What Does "Capacity" Really Mean?

Crane Capacity Vs. Crane Rated Capacity

Since I wrote the last post, I've been concerned that I glossed over a very important point. One of the risks of writing about something you've been involved with all your life is that u take for granted the use of "insider" terminology. I pride myself in avoiding this writer's roadside landmine most of the time, but I think it got me on my last post.

Crane Capacity

This seems like an obvious and easily defined term, but frequently the obvious answer is not necessarily the correct answer. In the early part of the 20th Century, engineers had to deal with two factors that we now take for granted. Steel producers couldn't manufacture steel with the production uniformity commonly assumed today. Further, computers with tools like finite element analysis were not even thought of. As a result, engineers added in "safety factors." 

Safety Factors on Top of Safety Factors

In the original crane industry specifications, a 5:1 safety factor was mandated. This safety factor was on top of the safety factor the steel producers and that used by prudent engineers. It's little wonder that experienced crane operators determined that their cranes could in fact lift far more that the posted limit.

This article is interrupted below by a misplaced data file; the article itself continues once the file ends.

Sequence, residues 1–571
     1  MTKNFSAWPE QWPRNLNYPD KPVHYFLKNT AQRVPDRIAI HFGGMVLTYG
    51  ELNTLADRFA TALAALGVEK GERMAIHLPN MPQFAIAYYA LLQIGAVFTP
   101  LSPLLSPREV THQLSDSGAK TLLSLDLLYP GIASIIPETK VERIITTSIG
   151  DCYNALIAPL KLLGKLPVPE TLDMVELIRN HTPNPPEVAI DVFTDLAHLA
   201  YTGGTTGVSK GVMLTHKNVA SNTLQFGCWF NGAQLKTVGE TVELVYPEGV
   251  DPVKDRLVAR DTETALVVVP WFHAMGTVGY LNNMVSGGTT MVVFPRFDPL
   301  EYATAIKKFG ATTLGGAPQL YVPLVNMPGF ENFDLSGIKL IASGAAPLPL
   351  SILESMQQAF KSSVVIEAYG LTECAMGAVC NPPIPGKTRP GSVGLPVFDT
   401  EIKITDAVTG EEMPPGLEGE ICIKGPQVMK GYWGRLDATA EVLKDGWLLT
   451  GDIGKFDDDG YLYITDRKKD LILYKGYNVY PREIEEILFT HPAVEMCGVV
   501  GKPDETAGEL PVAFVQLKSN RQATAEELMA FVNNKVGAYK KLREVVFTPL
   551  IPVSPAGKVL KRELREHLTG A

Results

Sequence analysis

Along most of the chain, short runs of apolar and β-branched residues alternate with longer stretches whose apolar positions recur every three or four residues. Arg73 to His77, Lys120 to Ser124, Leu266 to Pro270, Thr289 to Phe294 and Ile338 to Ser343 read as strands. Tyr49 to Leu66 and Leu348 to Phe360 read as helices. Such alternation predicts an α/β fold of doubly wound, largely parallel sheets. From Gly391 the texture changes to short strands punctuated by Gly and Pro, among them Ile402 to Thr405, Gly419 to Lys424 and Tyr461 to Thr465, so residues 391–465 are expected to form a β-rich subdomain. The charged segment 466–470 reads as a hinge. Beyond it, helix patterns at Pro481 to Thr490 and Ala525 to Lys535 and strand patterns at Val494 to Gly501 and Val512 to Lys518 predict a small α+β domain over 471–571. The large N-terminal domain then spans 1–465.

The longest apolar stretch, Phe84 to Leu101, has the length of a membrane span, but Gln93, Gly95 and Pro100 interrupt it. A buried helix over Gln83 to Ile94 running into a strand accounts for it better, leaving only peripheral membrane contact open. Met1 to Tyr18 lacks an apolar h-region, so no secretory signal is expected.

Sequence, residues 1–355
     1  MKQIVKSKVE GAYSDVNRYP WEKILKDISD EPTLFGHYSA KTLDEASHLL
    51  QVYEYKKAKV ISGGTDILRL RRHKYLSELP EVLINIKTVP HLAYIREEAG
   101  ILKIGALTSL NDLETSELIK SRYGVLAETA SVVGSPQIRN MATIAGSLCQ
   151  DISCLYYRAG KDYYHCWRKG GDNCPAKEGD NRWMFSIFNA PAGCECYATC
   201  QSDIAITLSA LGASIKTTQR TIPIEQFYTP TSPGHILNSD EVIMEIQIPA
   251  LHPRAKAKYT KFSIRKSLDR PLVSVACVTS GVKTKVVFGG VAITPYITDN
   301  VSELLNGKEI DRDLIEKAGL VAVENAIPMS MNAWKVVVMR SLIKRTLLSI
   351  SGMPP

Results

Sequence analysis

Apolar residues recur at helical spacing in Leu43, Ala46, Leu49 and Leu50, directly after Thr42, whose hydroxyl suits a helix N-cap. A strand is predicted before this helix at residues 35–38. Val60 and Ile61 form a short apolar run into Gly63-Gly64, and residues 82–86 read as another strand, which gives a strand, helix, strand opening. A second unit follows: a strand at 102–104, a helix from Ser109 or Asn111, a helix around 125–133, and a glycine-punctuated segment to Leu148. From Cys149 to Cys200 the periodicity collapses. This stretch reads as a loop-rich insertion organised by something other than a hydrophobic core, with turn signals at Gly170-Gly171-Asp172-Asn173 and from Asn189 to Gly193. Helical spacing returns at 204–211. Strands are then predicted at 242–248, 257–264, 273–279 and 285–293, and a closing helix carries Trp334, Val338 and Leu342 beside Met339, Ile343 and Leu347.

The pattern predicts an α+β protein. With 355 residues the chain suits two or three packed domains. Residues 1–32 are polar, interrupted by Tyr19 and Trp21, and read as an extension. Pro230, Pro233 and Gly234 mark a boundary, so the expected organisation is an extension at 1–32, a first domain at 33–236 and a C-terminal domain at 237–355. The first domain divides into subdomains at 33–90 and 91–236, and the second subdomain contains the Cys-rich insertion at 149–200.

Enter CAD (Computer Aided Design)

We now have precision production and engineering. The steel producers measure all the inputs and outputs, producing steel that precisely meets their spec... no more, no less. Engineers can now cut out excess steel (and therefore costs) using CAD to produce exactly what's required, again, no more and no less. In other words, all of the redundant safety factor has been removed.

The Weakest Link

It is important to remember that rarely are the cranes independent of a building as a supporting structure. If I remember correctly, metal building specs only require a 2:1 safety factor in the design of their structures. To me this provides a frightening mental picture of a severely (5x) overloaded crane, not equipped with overload protection, in a metal building engineered with a 2:1 safety factor!!!

Crane Rated Capacity

 So this is why, in the late 1980's, the crane industry started using the term "Rated Capacity." The Rated Capacity of all cranes, new and old, should be determined and marked appropriately. All new cranes should be equipped with overload protection and all old cranes should be retrofitted with overload protection. 

Without overload protection, you may wake up one day to collapsed building, laying on the ground in pieces, with a fully intact crane ready to make another dangerous lift.